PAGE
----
Gosh, apparently it’s less and less as time goes by. Well, I once knew, but then I didn’t. In most cases it is not a matter of dementia. At least not yet! It is just that I had a certitude about things, and I find that the years have been chipping away at that. Since I’m not certain, then I can’t possibly know.
Some of those things were not exactly popular ideas. In fact, I found a certain popularity by being unpopular. I think this is a common thing for youth, although I may have carried some things into middle age. And now?
Well, hell, I’m long past middle age, but I only just realized it.
I recently read an interview of Lawrence Ferlinghetti on the occasion of his 100th birthday. The reporter knew full well of the background of the beat literary figure, and wanted to pry some nugget of wisdom after his long years on earth.
Ferlinghetti simply stated, “There’s a serious error that gets passed around, something about the older you get, the wiser you are. Well, it’s just not true, when you grow older, you grow stupider.”
There is something that is true behind Ferlinghetti’s statement, beyond the obvious dementia of an aging brain.
I find that “knowing things” requires a lot of passion. Passion takes energy. I am now in the mode of conserving energy for the really important things. Knowing social expectations takes energy. It takes energy to profess the “right” things, it takes energy to oppose the “right” things.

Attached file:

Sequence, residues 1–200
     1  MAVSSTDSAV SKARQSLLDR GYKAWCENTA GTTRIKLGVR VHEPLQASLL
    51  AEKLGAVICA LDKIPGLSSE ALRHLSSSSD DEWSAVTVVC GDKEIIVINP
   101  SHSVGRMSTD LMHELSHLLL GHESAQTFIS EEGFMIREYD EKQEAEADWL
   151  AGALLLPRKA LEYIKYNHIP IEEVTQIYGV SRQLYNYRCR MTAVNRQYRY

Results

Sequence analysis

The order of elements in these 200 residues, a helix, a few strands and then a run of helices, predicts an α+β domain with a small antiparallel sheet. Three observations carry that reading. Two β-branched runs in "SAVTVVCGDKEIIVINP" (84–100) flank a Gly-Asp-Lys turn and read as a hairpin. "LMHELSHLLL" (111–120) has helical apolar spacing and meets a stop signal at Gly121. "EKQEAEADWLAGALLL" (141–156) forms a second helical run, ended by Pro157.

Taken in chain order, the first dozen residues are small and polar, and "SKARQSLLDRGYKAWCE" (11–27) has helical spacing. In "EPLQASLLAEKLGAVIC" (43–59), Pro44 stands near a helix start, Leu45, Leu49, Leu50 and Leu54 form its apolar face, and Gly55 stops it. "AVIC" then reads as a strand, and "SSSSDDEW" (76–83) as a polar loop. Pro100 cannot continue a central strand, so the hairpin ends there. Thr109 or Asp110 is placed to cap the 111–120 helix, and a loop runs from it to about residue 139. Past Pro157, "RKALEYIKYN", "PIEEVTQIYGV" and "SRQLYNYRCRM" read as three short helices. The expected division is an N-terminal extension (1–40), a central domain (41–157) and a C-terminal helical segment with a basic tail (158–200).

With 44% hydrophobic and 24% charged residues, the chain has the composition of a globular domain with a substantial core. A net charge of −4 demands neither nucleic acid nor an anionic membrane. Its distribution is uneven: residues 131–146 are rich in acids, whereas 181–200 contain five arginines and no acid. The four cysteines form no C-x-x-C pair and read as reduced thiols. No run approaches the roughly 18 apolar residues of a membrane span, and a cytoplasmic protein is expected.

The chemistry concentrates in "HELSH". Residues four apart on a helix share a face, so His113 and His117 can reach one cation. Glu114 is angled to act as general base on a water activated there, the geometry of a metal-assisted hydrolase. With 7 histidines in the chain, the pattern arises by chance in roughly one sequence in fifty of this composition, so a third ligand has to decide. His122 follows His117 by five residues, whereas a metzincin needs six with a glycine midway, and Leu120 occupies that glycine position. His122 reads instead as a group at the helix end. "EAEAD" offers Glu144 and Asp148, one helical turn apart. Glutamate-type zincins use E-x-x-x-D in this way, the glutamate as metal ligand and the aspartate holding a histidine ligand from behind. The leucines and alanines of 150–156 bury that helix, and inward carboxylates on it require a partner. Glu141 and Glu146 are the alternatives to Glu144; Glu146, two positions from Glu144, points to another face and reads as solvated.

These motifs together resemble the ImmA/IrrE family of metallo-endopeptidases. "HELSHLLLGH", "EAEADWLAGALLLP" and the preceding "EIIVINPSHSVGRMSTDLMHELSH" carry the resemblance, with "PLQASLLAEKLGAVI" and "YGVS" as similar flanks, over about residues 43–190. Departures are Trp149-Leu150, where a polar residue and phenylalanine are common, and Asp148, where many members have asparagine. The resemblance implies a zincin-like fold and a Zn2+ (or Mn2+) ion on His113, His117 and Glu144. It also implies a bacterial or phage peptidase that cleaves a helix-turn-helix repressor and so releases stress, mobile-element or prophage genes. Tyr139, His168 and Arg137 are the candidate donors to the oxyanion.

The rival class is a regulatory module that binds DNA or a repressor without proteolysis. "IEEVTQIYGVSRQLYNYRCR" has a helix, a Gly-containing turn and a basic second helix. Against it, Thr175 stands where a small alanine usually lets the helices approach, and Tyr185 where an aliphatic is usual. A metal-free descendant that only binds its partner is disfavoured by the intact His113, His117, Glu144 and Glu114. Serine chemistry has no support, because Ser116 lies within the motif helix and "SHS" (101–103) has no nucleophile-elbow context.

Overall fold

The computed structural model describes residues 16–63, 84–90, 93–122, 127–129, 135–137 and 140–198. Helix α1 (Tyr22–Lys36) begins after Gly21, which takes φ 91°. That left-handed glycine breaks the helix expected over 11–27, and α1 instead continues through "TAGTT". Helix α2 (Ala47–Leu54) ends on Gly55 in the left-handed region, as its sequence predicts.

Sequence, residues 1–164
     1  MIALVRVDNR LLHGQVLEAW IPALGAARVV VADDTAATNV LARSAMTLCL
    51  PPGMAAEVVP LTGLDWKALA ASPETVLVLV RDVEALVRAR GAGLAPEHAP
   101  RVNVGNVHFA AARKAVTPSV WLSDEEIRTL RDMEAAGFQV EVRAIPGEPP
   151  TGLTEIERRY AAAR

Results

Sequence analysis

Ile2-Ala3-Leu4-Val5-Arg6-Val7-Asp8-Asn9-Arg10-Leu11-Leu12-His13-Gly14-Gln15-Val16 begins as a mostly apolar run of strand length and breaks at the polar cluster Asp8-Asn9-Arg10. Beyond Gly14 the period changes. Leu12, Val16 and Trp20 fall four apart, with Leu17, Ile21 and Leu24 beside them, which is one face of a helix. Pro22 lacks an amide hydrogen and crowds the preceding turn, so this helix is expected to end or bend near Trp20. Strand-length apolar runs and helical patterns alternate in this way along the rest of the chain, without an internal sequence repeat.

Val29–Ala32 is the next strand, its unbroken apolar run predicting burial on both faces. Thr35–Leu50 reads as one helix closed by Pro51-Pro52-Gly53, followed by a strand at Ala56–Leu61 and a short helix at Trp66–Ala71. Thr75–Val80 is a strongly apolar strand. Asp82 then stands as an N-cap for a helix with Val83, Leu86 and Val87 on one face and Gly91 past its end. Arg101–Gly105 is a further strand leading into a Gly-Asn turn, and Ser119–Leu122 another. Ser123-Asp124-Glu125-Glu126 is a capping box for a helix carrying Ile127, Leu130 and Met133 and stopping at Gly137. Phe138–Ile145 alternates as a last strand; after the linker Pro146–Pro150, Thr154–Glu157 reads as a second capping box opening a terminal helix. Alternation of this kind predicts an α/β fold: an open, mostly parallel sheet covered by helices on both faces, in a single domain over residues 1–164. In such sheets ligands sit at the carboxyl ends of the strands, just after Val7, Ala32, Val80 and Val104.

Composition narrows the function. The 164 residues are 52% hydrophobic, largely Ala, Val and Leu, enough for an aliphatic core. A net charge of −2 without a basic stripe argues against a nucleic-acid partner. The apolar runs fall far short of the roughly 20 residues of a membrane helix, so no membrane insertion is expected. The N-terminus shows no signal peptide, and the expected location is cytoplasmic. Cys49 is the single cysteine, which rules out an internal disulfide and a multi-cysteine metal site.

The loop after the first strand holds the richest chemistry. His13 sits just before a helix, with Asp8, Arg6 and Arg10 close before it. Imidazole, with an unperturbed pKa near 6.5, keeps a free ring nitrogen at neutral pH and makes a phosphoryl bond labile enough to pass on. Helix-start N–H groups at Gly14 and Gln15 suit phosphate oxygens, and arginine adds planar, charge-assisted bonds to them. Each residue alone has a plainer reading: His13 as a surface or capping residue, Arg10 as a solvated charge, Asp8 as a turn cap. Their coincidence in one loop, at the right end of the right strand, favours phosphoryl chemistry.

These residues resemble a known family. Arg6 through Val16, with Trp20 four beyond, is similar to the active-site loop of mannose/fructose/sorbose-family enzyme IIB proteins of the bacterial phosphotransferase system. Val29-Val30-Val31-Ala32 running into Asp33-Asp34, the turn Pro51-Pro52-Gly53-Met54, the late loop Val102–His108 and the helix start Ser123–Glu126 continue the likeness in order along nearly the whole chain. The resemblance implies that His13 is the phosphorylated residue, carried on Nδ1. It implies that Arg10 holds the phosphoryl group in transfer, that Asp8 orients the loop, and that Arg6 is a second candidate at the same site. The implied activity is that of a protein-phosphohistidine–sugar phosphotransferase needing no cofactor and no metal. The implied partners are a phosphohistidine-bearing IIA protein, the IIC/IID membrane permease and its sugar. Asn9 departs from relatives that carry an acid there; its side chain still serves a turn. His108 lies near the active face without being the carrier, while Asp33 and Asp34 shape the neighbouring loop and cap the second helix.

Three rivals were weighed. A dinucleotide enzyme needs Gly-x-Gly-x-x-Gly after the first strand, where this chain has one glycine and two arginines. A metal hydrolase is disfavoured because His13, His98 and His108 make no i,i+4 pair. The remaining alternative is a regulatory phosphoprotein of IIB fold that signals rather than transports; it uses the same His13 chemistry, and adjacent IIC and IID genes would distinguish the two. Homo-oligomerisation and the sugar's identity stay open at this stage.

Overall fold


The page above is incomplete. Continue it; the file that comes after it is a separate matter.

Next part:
I am no longer a “firebrand”, I’m not even a burning ember.
Take capital punishment. I can remember that I once “knew” it was barbaric, a holdover from the Middle Ages. Then I remember that I “knew” it was a combination of deterrent and revenge, and I was good with that. And now? I don’t know anything!
Has every “social burning issue” been regulated to the ashbin? No, of course not. I give my opinions when asked. It’s just that I’m never quite sure what they are until moments before I answer. It’s lucky that no one asks.
Here is another example, “What about torture?” Don’t be idiotic, torture does nothing in finding the truth. You will say anything, and be anything if the right pressure is applied. Of course I’m against torture. I can see that I’ve joined a popular held belief, but wait… while I don’t believe in torture, I believe in the “fear of torture.” I’m much more likely to tell the truth if the consequence of telling an untruth results in being impaled. Wow, I’ve gone medieval!
I am so glad that no one asks my opinion.